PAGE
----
- The Washington Times - Friday, January 31, 2003

An organization selling replicas of an Abraham Lincoln statue it intends to install in Richmond is operating outside state law, the Virginia Office of Consumer Affairs said yesterday.
The nonprofit U.S. Historical Society has been selling replicas of the statue since December, but it was doing so without being registered with the Office of Consumer Affairs.
"It is a violation of law to solicit contributions in Virginia without being properly registered with our office," said Michael Wright, manager of regulatory programs for the Office of Consumer Affairs.
"Solicitation," he said, "includes any request for a contribution that is represented as being for a charitable purpose."
Virginia law provides for both civil and criminal penalties for such an offense, but Mr. Wright said the Office of Consumer Affairs usually applies civil penalties first. The criminal penalty for the misdemeanor could be a fine of up to $5,000 and up to six months in jail.
Mr. Wright said his office has requested that the organization comply with the law or indicate why it believes the law is not applicable.
He said the U.S. Historical Society had been registered with the Office of Consumer Affairs until 2001, when the group wrote a letter to Consumer Affairs stating it had not solicited any contributions that year and would not renew its registration because it did not intend to solicit funds in the future.
Mr. Wright said he presumed that the U.S. Historical Society would argue over the definition of solicitation, but the term "we do believe, is applicable to the sale of these statues."
The statuettes are replicas of a life-size Lincoln statue that the U.S. Historical Society plans to install in Richmond in April. The statue of Lincoln and his son, Tad, would commemorate Lincoln's arrival in Richmond on April 5,1865, two days after Union troops captured the city.
The statue and the U.S. Historical Society have been at the center of controversy since the plan was announced in late December.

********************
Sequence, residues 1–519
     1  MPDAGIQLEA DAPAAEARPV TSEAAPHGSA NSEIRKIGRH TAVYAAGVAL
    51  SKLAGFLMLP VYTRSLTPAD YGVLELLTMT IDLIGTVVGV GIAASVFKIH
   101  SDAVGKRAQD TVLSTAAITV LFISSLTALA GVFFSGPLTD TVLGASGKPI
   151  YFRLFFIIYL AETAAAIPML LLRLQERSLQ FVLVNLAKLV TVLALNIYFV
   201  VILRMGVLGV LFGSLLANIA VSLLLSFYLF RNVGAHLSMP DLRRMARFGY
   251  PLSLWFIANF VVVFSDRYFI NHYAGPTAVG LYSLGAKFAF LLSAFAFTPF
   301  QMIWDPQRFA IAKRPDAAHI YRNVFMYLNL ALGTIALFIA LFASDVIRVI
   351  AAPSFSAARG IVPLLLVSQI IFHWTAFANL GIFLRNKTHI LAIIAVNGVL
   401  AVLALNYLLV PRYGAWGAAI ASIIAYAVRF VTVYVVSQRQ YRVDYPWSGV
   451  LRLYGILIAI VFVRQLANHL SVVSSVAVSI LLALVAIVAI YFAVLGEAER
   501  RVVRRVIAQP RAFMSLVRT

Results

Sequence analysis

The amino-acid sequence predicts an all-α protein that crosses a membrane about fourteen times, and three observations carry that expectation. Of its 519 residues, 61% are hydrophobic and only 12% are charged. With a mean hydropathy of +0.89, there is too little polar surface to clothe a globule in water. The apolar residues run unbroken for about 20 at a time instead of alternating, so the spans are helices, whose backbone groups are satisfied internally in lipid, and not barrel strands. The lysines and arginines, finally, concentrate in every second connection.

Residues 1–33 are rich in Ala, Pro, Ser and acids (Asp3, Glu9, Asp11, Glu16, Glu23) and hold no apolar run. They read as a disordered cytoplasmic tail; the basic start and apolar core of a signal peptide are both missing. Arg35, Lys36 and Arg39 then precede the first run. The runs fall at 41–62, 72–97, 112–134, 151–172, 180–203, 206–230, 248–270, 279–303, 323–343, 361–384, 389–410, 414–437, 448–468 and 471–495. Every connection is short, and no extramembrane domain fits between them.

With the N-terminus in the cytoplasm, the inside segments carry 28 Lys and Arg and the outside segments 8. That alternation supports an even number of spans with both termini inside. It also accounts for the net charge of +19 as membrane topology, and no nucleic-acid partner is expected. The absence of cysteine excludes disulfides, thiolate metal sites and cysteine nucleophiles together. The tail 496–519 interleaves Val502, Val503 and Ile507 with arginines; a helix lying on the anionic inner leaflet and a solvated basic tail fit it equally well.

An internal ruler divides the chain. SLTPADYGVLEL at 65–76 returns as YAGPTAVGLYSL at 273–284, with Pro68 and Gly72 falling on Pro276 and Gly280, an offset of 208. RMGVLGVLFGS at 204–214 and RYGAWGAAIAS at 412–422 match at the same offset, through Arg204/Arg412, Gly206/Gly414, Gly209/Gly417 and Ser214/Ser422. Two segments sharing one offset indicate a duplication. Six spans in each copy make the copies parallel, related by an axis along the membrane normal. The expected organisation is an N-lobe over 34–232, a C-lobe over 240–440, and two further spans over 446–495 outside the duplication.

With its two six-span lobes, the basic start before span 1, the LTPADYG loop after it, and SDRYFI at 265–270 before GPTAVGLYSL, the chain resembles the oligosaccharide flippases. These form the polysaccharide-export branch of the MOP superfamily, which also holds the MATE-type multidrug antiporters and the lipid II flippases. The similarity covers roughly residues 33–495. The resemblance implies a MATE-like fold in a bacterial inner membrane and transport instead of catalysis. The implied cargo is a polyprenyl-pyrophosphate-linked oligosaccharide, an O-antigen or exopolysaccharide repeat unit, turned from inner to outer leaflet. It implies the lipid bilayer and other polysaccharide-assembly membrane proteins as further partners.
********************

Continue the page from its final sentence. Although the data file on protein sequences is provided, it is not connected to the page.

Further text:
First there was an uproar in Richmond from groups who opposed a tribute to Lincoln in the capital of the Confederacy and its placement on the Richmond National Battlefield Park Civil War Visitor Center.
It was then suspected that the U.S. Historical Society, a nonprofit organization, was selling the statuettes under a different name, the United States Historical Society, which according to records at the Virginia Corporation Commission belongs to a for-profit corporation in Richmond named FKAO Inc.
Chris Malone, an attorney representing the U.S. Historical Society, said his organization had not transferred any money or sales to the United States Historical Society, which is not a company or organization and exists in name only.
Moreover, he said no funds had gone to FKAO Inc., which owns the name United States Historical Society.
He said FKAO had notified him that it was giving up ownership of the name United States Historical Society, and that the Corporation Commission would be notified.
The U.S. Historical Society is offering the replicas for $875 each, plus $25 shipping and handling. It said revenue from statuette sales would go toward the cost of installing the statue.
Society Chairman Robert H. Kline issued a statement this week saying the cost of the statue project would be $255,365, and that the organization has collected less than $40,000 so far from sales of the statuettes.
He said any money collected beyond the cost of the statue would go toward operating costs or be donated to other nonprofits.
U.S. Rep. Virgil H. Goode Jr., Virginia Republican, wrote a letter to the National Park Service Jan. 15 asking it to investigate whether it should be helping the U.S. Historical Society solicit sales of the statuettes.
Officials at the Department of the Interior, which has oversight of the Park Service, are looking into the matter and preparing a response, a spokesman for Mr. Goode said yesterday.
FKAO Inc. does not have a listed phone number, and Mr. Malone did not return telephone calls regarding why the society is not on file with the Office of Consumer Affairs.

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